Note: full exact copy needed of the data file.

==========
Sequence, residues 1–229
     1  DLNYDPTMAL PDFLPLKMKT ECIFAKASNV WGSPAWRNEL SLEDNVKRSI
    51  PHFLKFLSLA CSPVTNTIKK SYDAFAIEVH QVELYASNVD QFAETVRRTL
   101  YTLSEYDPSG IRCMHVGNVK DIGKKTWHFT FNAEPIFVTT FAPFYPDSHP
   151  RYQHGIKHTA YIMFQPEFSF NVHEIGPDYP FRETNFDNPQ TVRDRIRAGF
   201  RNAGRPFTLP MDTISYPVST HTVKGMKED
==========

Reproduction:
Sequence, residues 1–229
     1  DLNYDPTMAL PDFLPLKMKT ECIFAKASNV WGSPAWRNEL SLEDNVKRSI
    51  PHFLKFLSLA CSPVTNTIKK SYDAFAIEVH QVELYASNVD QFAETVRRTL
   101  YTLSEYDPSG IRCMHVGNVK DIGKKTWHFT FNAEPIFVTT FAPFYPDSHP
   151  RYQHGIKHTA YIMFQPEFSF NVHEIGPDYP FRETNFDNPQ TVRDRIRAGF
   201  RNAGRPFTLP MDTISYPVST HTVKGMKED